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The Great Unknown Movie of the Century So Far? Here’s Mine

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Then, four minutes in, Lee changes everything. Depicting the killing that sets the plot in motion, he empties the screen, focusing on a Busan landmark, a steep urban staircase down which a lone schoolgirl hops. Rock music gives way to the plaintive Bee Gees ballad “Holiday” and the pace slows accordingly. Around the gray stairs is a wash of brilliant, almost painfully saturated color, dominated by a blanket of yellow autumn leaves. The percussive, pulpy violence of the opening is replaced by a close-up of a single blade flashing down and a bright streak of blood across a face. In a fleeting visual coup, black-suited gangsters appear on the stairs, clambering up from the bottom of the frame like two-dimensional figures in a brush painting.

And then boom, we’re in yet another movie, though this time it’s the one Lee more or less sticks with. Woo, who wears his cockiness like a uniform, walks into a noodle shop and throws some attitude at another customer. “Think this is a cops-and-robbers movie?” the weary proprietor asks at the very moment that “Nowhere to Hide” becomes a cops-and-robbers movie. The other customer, who happens to be the killer, disappears out the back of the shop.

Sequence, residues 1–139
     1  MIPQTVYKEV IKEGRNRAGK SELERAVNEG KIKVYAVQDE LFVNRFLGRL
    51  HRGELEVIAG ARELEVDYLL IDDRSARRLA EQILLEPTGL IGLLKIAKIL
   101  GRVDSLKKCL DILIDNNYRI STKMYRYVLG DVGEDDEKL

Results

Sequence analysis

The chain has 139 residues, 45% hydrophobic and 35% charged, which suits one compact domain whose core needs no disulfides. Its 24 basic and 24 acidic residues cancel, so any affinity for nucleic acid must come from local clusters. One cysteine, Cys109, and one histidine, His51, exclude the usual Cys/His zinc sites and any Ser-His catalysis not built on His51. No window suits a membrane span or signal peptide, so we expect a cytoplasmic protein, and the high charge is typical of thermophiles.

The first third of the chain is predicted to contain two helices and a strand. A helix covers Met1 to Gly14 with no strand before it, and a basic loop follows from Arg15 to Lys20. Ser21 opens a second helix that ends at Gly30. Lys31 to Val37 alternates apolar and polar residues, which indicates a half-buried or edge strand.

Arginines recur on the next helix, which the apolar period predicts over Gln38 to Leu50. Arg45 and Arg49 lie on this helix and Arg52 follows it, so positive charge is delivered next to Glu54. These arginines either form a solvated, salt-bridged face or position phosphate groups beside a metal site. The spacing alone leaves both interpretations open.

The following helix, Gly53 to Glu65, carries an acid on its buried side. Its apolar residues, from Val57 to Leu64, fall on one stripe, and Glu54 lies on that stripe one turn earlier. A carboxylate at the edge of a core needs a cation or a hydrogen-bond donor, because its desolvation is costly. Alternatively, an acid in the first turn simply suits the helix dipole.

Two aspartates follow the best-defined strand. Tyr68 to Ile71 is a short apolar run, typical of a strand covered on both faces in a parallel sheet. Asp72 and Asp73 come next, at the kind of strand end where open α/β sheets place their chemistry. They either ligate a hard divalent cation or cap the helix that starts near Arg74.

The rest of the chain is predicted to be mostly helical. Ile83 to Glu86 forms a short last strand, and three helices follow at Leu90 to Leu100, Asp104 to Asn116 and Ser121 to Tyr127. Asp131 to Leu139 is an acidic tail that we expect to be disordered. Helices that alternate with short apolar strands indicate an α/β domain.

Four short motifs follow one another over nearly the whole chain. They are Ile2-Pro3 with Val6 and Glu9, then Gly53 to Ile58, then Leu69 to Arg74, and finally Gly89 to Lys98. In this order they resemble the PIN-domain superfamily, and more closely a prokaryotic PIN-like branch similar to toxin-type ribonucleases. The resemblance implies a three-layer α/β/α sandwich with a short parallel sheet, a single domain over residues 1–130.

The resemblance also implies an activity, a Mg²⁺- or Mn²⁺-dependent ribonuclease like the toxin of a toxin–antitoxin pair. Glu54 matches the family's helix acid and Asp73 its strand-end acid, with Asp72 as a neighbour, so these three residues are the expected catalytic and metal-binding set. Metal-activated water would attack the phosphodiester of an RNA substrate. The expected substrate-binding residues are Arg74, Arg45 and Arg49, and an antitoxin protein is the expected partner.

At this point, the plot kicks in, and Woo, Kim and their team of latter-day Keystone Kops spend the balance of the film — 72 ever more frustrating days, in movie time — pursuing the gangster, Chang (Ahn Sung-ki). Chases, interrogations, stakeouts and near-misses bring them steadily, incrementally closer to the inevitable showdown.

Lee’s virtuosity never flags, and it also never gets wearying. Every idea seems to come along in the right place, at the right moment — a nighttime fight that morphs into a shadow play, with the combatants’ flat black images flowing across a white wall like Balinese puppets; a rolling, slow-motion, freeze-framed melee that anticipates a signature scene four years later in Park Chan-wook’s “Oldboy”; a dusty road trip ending in a barbershop standoff straight out of a western (either Hollywood or Hong Kong).

If you can negotiate the shifting tones and rhythms, Lee’s guerrilla-like inventiveness will keep a nearly constant smile on your face. That “Nowhere to Hide” isn’t quite like any other cop-and-gangster movie explains why you probably haven’t seen it. Once you have, the genre will never feel quite the same.



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